FIG. 1 shows the constitution of an ink level detecting unit according to a first embodiment of the invention. In FIG. 1, an ink level detecting unit 10 comprises a piezoelectric element 12 functioning as a vibration element provided for a cartridge type ink tank 11 attached to an ink jet recording apparatus (ink jet type printer) detachably; an excitation pulse generating part 13 for applying an excitation pulse to this piezoelectric element 12; a sensor 14 which detects a frequency of a counter electromotive force waveform based on residual vibration by resonance with ink produced in this piezoelectric element 12; a judgment part 15 which judges the existence of ink; and a control part 200 which controls theses excitation pulse generating part 13, sensor 14, and judgment part 15.

Here, the piezoelectric element 12 in FIG. 1 is actually, in a print head unit of an ink jet type printer, provided for an ink tank 11 of each color.

The above piezoelectric element 12 is so constituted as to produce displacement by the applied voltage, resonate to a medium, that is, ink or air in the ink tank 11, and produce residual vibration by this resonance. By this residual vibration, a counter electromotive force waveform is produced in the piezoelectric element 12.

The excitation pulse generating part 13, which registers two kinds of excitation pulses previously, is constituted so as to output these excitation pulses selectively.

Here, of the two kinds of excitation pulses, a first kind of excitation pulse is an excitation pulse having a pulse width and a pulse period corresponding to the residual vibration by the resonance with the ink when the ink exists in the ink tank 11. A second kind of excitation pulse is an excitation pulse having a pulse width and a pulse period corresponding to the residual vibration by the resonance with the air when the ink does not exist in the ink tank 11.

The above sensor 14 shown in FIG. 1 comprises an amplifier 16, a band pass filter (BPF) for ink presence 22A, a band pass filter (BPF) for ink absence 22B, and a frequency measuring part 150. The frequency measuring part 150 further includes a pulse number counter 170 and a pulse width measuring part 180.

The above amplifier 16 is, as shown in FIG. 2, for example, so constituted that the counter electromotive force waveform from the piezoelectric element 12 is amplified by an operational amplifier 16 a thereby to be made into a waveform having reference voltage Vref in the center of vibration.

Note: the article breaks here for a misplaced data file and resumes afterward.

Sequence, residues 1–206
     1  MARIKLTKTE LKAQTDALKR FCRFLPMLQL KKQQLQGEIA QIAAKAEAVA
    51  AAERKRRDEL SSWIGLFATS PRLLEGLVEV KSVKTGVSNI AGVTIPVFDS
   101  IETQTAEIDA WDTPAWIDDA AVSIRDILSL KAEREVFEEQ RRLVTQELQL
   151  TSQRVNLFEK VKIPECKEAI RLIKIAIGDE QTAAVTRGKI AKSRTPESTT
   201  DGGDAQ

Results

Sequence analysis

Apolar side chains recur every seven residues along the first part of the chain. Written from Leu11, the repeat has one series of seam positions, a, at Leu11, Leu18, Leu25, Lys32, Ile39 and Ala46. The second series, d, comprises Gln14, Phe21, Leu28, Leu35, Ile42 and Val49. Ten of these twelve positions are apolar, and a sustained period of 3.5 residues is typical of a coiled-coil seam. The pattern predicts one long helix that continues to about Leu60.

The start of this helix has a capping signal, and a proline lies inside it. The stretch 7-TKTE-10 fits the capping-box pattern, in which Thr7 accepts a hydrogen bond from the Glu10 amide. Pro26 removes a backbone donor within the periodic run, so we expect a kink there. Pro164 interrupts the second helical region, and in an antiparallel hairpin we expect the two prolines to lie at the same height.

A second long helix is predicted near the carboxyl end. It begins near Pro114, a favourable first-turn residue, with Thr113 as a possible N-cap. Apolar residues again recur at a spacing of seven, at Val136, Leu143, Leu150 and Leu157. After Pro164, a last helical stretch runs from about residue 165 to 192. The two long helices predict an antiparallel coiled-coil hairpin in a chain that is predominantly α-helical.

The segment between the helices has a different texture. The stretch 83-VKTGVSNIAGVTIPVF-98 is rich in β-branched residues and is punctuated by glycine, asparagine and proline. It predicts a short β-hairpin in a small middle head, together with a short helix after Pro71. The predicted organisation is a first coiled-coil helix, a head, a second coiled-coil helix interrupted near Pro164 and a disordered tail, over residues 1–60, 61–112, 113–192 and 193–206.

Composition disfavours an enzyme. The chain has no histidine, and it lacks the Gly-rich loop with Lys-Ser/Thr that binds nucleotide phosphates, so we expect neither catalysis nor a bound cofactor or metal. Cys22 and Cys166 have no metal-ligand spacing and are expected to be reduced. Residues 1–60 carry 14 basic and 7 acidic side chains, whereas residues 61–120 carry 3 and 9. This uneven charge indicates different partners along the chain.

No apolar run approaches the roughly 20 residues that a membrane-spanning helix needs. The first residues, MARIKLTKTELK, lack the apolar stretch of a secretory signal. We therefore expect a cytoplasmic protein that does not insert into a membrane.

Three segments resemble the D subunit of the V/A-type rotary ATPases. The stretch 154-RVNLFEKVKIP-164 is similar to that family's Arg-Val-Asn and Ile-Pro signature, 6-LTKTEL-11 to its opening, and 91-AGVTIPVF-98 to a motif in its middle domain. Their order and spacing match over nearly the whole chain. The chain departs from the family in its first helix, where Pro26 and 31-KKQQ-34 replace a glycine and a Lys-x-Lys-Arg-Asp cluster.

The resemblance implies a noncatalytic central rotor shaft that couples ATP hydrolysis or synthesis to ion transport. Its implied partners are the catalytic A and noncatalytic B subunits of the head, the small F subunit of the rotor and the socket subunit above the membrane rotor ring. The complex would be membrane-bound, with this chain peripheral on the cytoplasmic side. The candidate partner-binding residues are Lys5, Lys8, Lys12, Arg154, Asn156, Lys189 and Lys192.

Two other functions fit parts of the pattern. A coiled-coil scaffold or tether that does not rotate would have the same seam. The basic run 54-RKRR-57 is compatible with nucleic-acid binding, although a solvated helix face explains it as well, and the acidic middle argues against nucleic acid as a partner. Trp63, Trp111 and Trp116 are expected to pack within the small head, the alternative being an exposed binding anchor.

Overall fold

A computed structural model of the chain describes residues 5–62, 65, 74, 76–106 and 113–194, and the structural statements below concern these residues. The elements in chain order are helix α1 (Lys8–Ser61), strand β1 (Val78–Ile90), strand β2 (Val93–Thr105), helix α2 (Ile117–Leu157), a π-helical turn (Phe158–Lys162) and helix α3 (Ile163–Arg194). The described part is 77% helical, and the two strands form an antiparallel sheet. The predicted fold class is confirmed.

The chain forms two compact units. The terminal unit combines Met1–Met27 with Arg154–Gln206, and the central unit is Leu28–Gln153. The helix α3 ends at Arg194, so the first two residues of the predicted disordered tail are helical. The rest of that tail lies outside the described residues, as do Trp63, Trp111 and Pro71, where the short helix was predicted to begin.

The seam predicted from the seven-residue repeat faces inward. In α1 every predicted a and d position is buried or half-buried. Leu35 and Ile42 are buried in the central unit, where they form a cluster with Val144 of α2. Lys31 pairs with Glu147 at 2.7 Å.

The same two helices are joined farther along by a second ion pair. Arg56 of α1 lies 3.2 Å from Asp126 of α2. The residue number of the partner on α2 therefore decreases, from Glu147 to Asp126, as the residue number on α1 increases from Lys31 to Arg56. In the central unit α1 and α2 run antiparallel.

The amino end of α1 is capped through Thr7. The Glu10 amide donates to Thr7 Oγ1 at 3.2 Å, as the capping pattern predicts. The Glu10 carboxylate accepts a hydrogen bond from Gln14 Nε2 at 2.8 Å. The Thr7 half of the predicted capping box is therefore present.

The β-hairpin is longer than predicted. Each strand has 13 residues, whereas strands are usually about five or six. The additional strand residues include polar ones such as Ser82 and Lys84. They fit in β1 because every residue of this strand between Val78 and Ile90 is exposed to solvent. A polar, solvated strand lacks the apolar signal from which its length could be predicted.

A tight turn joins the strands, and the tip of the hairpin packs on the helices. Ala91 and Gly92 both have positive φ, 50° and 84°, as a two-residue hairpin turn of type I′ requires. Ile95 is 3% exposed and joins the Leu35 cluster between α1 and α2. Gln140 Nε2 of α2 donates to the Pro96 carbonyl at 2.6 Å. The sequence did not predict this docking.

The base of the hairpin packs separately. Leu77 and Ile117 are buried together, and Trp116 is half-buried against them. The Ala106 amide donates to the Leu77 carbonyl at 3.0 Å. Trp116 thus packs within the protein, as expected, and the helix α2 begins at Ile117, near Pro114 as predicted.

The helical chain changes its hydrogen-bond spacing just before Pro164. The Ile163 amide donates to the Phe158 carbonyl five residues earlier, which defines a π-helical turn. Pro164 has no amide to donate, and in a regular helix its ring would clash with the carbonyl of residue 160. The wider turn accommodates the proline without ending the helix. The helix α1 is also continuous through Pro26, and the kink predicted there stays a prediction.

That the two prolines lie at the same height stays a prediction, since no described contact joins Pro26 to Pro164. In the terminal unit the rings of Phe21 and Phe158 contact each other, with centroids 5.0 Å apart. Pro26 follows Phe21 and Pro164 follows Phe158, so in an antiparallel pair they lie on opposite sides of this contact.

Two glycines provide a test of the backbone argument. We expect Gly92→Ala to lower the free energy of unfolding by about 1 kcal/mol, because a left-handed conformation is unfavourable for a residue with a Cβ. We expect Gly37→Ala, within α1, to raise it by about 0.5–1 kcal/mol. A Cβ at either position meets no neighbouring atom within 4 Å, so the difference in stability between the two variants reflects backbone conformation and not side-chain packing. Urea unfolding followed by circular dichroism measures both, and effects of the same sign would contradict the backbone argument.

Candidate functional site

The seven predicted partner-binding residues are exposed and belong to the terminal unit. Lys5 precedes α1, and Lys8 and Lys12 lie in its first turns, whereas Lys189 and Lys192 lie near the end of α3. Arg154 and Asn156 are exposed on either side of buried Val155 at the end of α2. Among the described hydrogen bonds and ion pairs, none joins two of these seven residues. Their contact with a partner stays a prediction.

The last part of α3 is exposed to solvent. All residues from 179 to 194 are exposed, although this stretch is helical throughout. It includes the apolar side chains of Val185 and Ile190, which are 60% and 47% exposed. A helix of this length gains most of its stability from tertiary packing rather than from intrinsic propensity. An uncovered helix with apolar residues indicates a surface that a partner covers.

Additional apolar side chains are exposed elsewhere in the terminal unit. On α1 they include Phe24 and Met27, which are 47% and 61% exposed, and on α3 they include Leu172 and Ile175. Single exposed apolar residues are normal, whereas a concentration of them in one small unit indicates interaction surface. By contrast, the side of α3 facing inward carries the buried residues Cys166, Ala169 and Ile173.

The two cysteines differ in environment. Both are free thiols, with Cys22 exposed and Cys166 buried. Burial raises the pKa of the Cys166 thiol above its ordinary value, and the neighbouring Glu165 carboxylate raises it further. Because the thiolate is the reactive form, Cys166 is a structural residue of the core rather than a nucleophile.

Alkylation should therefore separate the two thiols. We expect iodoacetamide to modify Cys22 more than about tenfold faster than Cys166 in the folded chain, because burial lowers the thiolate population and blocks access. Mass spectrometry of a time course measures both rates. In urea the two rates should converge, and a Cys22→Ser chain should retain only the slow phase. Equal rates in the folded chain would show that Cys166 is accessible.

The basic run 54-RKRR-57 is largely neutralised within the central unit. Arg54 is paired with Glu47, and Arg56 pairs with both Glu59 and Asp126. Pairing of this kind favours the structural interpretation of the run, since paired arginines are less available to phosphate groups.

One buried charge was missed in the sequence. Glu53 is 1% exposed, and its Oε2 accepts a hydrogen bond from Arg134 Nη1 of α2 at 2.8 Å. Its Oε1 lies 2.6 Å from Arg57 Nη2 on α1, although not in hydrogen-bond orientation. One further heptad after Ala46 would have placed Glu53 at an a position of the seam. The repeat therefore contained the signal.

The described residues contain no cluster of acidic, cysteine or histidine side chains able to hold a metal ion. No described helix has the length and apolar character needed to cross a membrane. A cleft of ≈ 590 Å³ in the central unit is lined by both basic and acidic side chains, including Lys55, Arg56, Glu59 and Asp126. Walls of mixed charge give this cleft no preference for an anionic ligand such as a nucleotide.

The above band pass filter (BPF) for ink presence 22A, and the band pass filter (BPF) for ink absence 22B are band pass filters of which the respective center frequencies are matched with frequencies of the output waveforms obtained by the ink level detecting unit in the embodiment in case that the ink is present and absent. Namely, in the band pass filter (BPF) for ink presence 22A, its center frequency is matched with 100 kHz frequency of the output waveform in case the ink is present. On the other hand, in the band pass filter (BPF) for ink absence 22B, its center frequency is matched with 160 kHz frequency of the output waveform in case the ink is absent.

The above band pass filter (BPF) for ink presence 22A, and the band pass filter (BPF) for ink absence 22B have respectively ±10 kHz pass band width of each center frequency. This takes individual variation in the piezoelectric element as the sensor into consideration. Namely, the band pass filter (BPF) for ink presence 22A has 90 kHz to 110 kHz pass band width. On the other hand, the band pass filter (BPF) for ink absence 22B has 150 kHz to 170 kHz pass band width. Therefore, 110 kHz to 150 kHz that is an intermediate frequency region of the pass band widths of the both filters is set so as to become an insensitive band of the sensor in a way.

A first feature of the embodiment, as described above, is that the two band pass filters of which respective center frequencies are matched with the frequencies of the output waveforms in case the ink is present and in case that the ink is absent are used.

Further, a second feature of the embodiment is that the pass band widths of the both filters are set so that the individual variation in the sensor is taken into consideration, and the intermediate frequency region between the pass band widths of the both filters becomes the above insensitive band.

The above frequency measuring part 150 is a single frequency counter provided for the two filters of the band pass filter (BPF) for ink presence 22A and the band pass filter (BPF) for ink absence 22B, and connection of the frequency measuring part 150 is switched, according to a control signal from the control part 200, to either the band pass filter (BPF) for ink presence 22A or the band pass filter (BPF) for ink absence 22B.